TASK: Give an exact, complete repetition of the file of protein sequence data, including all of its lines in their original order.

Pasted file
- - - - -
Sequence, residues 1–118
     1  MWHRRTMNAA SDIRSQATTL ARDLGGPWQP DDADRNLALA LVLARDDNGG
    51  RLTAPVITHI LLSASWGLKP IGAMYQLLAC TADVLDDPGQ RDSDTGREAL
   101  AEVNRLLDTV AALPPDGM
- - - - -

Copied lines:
Sequence, residues 1–118
     1  MWHRRTMNAA SDIRSQATTL ARDLGGPWQP DDADRNLALA LVLARDDNGG
    51  RLTAPVITHI LLSASWGLKP IGAMYQLLAC TADVLDDPGQ RDSDTGREAL
   101  AEVNRLLDTV AALPPDGM